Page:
Sunday, June 29, 2014

10,000-Hour Rule

I've been thinking about the "10,000-Hour Rule" in Malcolm Gladwell's book Outliers, which postulates that it takes 10,000 hours of dedicated practice to master a skill, be it excelling in sports, computer programming, music, or writing the great American novel.

Gladwell points to the success of the Beatles and Microsoft billionaire Bill Gates as evidence of the 10,000-hour theory and even notes that Gladwell himself took exactly 10 years to meet the 10,000-Hour Rule, counting from his days at The American Spectator until his tenure at The Washington Post.

For the record, the Canadian writer has been a staff writer for The New Yorker since 1996. He has written five books, The Tipping Point (2000), Blink (2005), Outliers (2008), What the Dog Saw (2009), and David and Goliath (2013). And, in case you didn't know, all five books have been on The New York Times Best Seller List. Nice to know he didn't stop practicing his craft at the 10K mark, because I have all of those books, and I absolutely loooooove reading them--the books challenge my mind in the most intriguing, compelling ways.

So... I've been thinking about the time we creative people spend on our craft. We write, we paint, we sculpt, we strum our guitar, we blow our harmonica, we click our heels and soar through the air because there is a wildness in our spirit that has to be expressed; it is as necessary to our creative spirit as breathing is to our physical bodies. Truth is, we create our art for the sheer joy of creating.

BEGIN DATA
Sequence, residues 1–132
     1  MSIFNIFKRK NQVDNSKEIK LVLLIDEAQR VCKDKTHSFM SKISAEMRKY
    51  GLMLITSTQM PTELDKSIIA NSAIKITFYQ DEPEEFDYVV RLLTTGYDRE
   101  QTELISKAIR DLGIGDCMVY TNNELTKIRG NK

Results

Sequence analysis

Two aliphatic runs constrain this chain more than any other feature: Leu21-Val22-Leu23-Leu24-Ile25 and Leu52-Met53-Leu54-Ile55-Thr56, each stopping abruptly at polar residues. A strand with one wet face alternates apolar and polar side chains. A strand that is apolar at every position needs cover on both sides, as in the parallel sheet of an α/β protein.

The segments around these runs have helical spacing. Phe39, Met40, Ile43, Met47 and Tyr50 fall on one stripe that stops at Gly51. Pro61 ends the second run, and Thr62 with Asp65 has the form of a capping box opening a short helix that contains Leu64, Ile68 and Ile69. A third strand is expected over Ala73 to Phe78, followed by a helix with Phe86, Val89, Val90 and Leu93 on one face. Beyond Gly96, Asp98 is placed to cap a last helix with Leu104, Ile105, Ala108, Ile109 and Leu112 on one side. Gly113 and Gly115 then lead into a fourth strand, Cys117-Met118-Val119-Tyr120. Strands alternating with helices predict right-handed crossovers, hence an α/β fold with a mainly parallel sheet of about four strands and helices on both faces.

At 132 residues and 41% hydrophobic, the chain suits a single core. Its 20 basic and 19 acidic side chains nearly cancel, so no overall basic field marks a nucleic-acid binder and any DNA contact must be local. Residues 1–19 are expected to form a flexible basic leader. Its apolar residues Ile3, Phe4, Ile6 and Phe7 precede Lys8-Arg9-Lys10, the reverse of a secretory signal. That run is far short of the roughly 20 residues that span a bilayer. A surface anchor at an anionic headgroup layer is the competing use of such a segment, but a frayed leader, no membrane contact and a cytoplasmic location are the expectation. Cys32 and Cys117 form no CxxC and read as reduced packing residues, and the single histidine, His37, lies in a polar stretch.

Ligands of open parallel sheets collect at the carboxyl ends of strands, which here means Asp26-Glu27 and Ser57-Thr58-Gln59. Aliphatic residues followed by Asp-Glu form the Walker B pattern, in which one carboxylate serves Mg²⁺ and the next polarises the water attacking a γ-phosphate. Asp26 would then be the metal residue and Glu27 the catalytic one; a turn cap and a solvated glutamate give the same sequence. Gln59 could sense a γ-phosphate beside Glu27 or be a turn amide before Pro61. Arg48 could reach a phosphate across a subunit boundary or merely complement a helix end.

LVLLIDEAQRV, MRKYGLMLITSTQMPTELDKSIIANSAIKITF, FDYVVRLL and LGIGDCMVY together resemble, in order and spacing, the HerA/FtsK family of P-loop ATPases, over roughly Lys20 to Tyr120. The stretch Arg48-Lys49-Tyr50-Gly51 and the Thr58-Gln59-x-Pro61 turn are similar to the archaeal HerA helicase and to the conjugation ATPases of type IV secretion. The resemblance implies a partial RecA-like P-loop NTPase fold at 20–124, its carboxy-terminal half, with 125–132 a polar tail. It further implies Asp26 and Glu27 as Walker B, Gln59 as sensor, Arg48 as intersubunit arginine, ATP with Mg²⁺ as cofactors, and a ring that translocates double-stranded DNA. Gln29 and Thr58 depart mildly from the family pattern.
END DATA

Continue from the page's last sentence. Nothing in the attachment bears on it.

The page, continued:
Often, however, when we begin a project, the internal critic rears its satanic head. The internal critic  is the villain who is always looking for the opportunity to kill the spirit in anyone's creative life. The internal critic whispers, "Don't put it out there in public view. You'll be destroyed by the bad press. You're not good enough. Face it, you can't create with the same perfection as the Great Ones."

Here's my response: "To hell with that malarkey. It's called practice, and I'm racking up my 10,000 hours with every sentence I write."